Kilpatrick and the rest of the cavalry pursued and harassed Lee during his retreat back to Virginia. That fall, he took part in an expedition to destroy the Confederate gunboats "Satellite" and "Reliance" in the
Rappahannock River, boarding them and capturing their crews successfully.
The Dahlgren Affair
Just before the start of Lt. Gen.
Ulysses S. Grant's Overland Campaignin the spring of 1864, Kilpatrick conducted a raid toward Richmond and through the Virginia Peninsula, hoping to rescue Union prisoners of war held at Belle Isle and in Libby Prison. He destroyed much property and had many encounters with the enemy, but was unsuccessful in his aims. And one of his brigade commanders, Col. Ulric Dahlgren, son of Rear Admiral John Adolph Dalhgren, was killed in the process. The "Kilpatrick-Dahlgren" expedition was such a fiasco that Kilpatrick found he was no longer welcome in the Eastern Theater. He transferred west to command the 3rd Division of the Cavalry Corps of the Army of the Cumberland, under Maj. Gen. William Tecumseh Sherman.
Final campaigns through Georgia and the Carolinas
Summing up Judson Kilpatrick in 1864, Sherman said "I know that Kilpatrick is a hell of a damned fool, but I want just that sort of man to command my cavalry on this expedition."
Starting in May 1864, Kilpatrick rode in the
Atlanta Campaign. On May 13, he was severely wounded in the thigh at the Battle of Resacaand his injuries kept him out of the field until late July. He had considerable success raiding behind Confederate lines, tearing up railroads, and at one point rode his division completely around the enemy positions in Atlanta.
Kilpatrick continued with Sherman through his March to the Sea to Savannah and north in the
Carolinas Campaign. He delighted in destroying Southern property. On two occasions his coarse personal instincts betrayed him: Confederate cavalry under the command of Maj. Gen. Wade Hampton raided his camp while he was in bed with a young Southern woman he had met while going through Columbia, and, at the Battle of Monroe's Crossroads, he was forced to flee for his life in his underclothes until his troops could reform. Kilpatrick accompanied Maj. Gen. William T. Shermanto the surrender negotiations held at Bennett Placenear Durham, North Carolina, on April 17, 1865.
Kilpatrick later commanded a division of the Cavalry Corps in the
Military Division of the Mississippifrom April to June 1865, and was promoted to major general of volunteers on June 18, 1865.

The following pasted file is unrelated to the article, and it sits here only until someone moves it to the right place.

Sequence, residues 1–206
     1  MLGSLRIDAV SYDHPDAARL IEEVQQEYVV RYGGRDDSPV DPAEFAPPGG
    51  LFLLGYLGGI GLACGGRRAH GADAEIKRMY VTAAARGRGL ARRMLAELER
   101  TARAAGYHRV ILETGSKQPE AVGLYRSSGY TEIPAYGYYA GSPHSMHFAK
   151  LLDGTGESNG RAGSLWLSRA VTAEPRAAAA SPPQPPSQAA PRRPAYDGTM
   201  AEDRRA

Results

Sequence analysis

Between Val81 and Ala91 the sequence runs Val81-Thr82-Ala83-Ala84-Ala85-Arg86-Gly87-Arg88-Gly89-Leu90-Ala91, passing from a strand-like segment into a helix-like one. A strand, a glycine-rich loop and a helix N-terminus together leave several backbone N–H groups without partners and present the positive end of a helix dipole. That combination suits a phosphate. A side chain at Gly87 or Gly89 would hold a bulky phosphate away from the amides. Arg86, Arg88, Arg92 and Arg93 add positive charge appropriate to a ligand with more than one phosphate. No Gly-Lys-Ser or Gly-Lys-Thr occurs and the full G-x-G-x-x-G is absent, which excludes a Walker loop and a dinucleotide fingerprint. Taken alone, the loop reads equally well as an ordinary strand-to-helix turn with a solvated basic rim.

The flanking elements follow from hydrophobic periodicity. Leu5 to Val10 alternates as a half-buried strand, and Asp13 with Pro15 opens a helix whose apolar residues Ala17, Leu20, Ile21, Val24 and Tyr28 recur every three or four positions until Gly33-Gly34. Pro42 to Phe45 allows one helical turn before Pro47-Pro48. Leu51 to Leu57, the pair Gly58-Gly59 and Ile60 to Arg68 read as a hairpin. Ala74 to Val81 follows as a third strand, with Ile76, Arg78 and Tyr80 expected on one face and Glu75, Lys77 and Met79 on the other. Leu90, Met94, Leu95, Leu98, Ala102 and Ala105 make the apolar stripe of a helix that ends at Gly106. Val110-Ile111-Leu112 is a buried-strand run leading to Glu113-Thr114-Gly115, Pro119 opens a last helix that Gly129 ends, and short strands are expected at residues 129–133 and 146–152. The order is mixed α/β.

Kilpatrick became active in politics as a Republican and in 1880 was an unsuccessful candidate for the
U.S. Congressfrom New Jersey.
In 1865, Kilpatrick was appointed Minister to
Chileby President Andrew Johnson, and he was continued in that office by President Grant. As American Minister to Chile, he was involved in an attempt to arbitrate between the combatants of the Chincha Islands Warafter the Valparaiso bombardment(1866). The attempt failed, as the chief condition of Spanish admiral Méndez Núñez was the return of the captured "Covadonga". Kilpatrick asked the American naval commander Commander John Rodgers to defend the port and attack the Spanish fleet. Admiral Méndez Núñez famously responded with, "I will be forced to sink [the US ships] , because even if I have one ship left I will proceed with the bombardment. Spain, the Queen and I prefer honor without ships than ships without honor." ("España prefiere honra sin barcos a barcos sin honra".")
Kilpatrick was recalled in 1870. The 1865 appointment seems to have been the result of a political deal. Kilpatrick had been a candidate for the Republican nomination for governor of New Jersey but lost out to Marcus Ward. Due to his service in helping Ward, Kilpatrick was rewarded with the post in Chile. Due to the Grant administration recalling him, Kilpatrick supported
Horace Greeleyin the 1872 presidential election. By 1876, Kilpatrick returned to the Republicans and supported Rutherford B. Hayesfor the presidency.
In Chile he married, as his second wife, Luisa Fernandez de Valdivieso, a member of a wealthy family of Spanish origin that had emigrated to South America in the 17th century. Artist and socialite
Gloria Vanderbilt(born 1924) is Hugh Judson Kilpatrick's great-granddaughter. Another prominent descendant is CNN newsman Anderson Cooper, Kilpatrick's great-great-grandson.
In March 1881, in recognition of Kilpatrick's service to the Republicans in New Jersey as well as a consolation prize for his defeat for a House seat, President